A combined methodology for reconstructing source-to-sink basin evolution, exemplified by the Triassic Songpan–Ganzi basin, central China

Guohui Chen, Fangyang Hu, Alastair H.F. Robertson, Eduardo Garzanti, Shaohua Zhang, Fu-Yuan Wu

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Abstract / Description of output

Source-to-sink evolution of a basin is a key to understand sedimentary processes, especially in a complex regional orogenic setting. Detrital zircon populations can be traced from their primary sources to their depositional settings. The resulting interpretations are enhanced by calculation of the adjacent orogen's paleoaltimetry, which provides additional insights into paleogeography. In this study, we present a combined methodology which aims to reconstruct source-to-sink evolution by the analysis of detrital zircon age distribution in sandstones, together with the calculation of paleo-elevation of surrounding orogens based on the chemical compositions of coeval magmatic rocks. We test the method using detrital zircon U–Pb geochronological data sets from the Triassic Songpan–Ganzi basin in central China, combined with whole-rock geochemical data from intermediate-composition magmatic rocks in adjacent crustal blocks. Application of the combined methodology supports a syn-collisional basin model for the formation of the Triassic Songpan-Ganzi basin in preference to a continental back-arc basin. The clastic sediments, mainly deep-marine turbidites, accumulated in a remnant Paleotethyan Ocean that was surrounded by the converging North China Block, South China Block, East Kunlun Orogenic Belt and the Qiangtang Block. The North China Block and the North Qaidam Block were major proto-sources of detrital zircons to the basin, contributing on average 12 % and 15 %, respectively. Triassic magmatic rocks in the East Kunlun and Qiangtang regions were major sources of igneous zircons, up to 68 % for the former and up to 56 % for the latter. Despite being located at a calculated elevation of ca. 4000 m, the Qinling Orogenic Belt contributed only ca. <10 % of the zircons, mostly restricted to the eastern depocenter of the basin. In contrast, supply from the North Qiangtang Block, despite its calculated lower elevation (1000–3000 m), accounts for 2–10 % of the detrital zircons in the basin, suggesting high erosion rates of this block. The minimal supply of zircons from the South China Block, restricted to 3–6 % in the central and western depocenters, is inconsistent with the zircon abundances predicted in the alternative back-arc basin model of the Songpan–Ganzi basin.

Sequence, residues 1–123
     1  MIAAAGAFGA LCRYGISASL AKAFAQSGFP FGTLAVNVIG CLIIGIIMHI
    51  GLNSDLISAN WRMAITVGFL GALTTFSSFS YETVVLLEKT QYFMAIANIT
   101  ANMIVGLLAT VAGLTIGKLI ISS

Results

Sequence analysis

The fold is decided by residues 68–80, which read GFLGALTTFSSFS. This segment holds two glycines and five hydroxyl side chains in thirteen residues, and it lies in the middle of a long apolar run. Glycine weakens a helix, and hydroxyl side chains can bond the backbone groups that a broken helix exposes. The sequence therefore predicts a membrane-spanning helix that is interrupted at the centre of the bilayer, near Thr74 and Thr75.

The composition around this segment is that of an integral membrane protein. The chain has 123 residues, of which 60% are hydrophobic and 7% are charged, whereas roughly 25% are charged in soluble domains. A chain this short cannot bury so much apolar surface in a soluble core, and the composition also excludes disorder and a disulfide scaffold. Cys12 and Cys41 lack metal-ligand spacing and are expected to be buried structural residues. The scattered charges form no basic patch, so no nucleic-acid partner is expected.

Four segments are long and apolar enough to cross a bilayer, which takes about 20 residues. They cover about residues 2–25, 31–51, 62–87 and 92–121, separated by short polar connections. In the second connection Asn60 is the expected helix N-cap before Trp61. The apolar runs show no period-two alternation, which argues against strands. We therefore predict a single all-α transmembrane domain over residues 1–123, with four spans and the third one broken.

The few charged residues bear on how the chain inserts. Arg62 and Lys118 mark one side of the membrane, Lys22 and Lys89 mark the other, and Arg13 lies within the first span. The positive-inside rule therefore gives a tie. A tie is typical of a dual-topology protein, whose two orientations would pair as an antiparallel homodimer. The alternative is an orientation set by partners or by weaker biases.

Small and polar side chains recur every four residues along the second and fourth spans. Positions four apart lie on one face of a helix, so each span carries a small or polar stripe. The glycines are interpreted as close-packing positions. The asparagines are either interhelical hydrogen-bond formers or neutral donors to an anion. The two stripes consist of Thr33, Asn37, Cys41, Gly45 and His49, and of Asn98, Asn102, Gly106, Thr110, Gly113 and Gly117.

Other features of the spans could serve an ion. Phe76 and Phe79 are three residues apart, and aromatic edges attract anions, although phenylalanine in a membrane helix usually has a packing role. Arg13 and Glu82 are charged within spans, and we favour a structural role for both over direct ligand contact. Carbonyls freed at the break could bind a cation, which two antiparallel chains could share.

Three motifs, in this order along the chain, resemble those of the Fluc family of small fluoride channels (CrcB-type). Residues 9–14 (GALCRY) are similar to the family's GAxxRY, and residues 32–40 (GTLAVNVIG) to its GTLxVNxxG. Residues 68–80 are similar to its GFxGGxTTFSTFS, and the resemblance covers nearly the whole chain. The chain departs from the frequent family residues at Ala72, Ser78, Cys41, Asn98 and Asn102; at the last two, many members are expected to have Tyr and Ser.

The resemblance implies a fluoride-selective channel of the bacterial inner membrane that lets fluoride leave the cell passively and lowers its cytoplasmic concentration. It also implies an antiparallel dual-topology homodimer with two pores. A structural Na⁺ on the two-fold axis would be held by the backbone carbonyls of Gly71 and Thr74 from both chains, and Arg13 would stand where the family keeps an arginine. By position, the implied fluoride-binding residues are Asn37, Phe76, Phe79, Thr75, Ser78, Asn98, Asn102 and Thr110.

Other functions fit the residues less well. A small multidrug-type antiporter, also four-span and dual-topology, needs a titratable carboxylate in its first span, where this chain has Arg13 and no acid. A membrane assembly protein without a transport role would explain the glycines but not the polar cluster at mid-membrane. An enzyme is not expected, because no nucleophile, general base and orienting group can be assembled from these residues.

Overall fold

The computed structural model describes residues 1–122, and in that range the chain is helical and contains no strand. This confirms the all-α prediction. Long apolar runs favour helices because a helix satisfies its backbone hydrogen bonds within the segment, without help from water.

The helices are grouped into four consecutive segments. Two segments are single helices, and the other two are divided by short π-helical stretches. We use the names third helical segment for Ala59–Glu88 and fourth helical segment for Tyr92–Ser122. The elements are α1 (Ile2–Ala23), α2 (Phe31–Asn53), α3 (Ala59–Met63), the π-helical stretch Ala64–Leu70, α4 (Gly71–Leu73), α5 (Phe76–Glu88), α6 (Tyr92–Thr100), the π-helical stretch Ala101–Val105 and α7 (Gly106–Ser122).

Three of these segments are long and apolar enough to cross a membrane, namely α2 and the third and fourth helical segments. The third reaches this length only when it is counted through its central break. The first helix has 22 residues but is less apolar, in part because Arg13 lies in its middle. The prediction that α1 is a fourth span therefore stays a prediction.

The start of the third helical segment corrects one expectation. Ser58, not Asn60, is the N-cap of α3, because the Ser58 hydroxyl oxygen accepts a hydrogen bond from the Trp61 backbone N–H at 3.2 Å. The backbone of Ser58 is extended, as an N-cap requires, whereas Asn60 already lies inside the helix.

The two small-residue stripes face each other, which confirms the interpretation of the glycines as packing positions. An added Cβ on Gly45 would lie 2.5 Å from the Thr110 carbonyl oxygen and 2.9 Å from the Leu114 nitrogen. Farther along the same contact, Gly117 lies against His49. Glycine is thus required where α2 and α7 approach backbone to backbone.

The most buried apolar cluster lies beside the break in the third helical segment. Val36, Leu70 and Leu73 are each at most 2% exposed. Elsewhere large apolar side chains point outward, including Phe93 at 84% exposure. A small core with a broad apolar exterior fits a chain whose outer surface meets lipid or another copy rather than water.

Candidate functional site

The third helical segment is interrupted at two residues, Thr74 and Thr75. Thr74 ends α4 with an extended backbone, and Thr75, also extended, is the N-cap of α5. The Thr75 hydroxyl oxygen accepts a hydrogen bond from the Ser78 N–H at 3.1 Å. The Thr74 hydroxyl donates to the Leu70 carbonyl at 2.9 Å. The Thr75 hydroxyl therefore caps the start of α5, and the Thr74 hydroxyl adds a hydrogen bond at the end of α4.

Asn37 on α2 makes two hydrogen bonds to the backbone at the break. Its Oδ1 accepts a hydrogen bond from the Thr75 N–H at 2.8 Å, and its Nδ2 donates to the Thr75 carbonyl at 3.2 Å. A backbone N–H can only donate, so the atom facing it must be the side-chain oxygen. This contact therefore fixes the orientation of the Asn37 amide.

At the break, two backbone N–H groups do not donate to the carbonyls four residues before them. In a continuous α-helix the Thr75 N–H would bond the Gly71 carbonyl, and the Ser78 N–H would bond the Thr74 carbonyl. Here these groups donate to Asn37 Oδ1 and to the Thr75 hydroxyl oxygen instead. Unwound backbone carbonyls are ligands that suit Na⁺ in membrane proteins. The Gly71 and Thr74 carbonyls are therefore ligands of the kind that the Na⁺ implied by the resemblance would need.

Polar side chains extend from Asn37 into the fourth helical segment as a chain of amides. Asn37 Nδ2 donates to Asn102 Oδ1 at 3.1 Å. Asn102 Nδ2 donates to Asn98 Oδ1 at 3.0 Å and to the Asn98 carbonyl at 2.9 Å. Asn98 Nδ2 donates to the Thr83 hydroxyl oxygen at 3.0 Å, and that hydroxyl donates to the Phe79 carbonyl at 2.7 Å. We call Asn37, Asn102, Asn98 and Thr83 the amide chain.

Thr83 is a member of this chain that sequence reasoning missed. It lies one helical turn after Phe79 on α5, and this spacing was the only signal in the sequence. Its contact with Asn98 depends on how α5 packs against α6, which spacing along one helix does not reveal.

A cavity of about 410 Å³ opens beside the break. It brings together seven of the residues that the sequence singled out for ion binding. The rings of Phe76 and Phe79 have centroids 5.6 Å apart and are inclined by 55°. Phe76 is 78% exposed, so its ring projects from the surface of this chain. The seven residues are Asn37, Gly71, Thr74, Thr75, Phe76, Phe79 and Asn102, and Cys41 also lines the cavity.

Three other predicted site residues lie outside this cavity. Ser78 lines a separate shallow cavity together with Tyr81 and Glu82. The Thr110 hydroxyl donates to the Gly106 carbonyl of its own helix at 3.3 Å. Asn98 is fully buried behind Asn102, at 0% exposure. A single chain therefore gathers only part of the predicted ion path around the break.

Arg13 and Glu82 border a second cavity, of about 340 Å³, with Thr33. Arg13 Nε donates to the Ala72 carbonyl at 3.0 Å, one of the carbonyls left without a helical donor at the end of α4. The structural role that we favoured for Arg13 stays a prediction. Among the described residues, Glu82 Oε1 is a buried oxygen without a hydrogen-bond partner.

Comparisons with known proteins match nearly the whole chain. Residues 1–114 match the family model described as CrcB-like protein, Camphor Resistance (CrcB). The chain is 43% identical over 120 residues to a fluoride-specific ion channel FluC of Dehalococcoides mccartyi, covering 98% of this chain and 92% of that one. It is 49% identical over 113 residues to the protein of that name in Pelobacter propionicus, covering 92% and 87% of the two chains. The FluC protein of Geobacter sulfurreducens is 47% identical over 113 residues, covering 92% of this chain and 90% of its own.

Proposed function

Original languageEnglish
Article number106529
JournalSedimentary Geology
Early online date20 Oct 2023
Publication statusPublished - 1 Dec 2023


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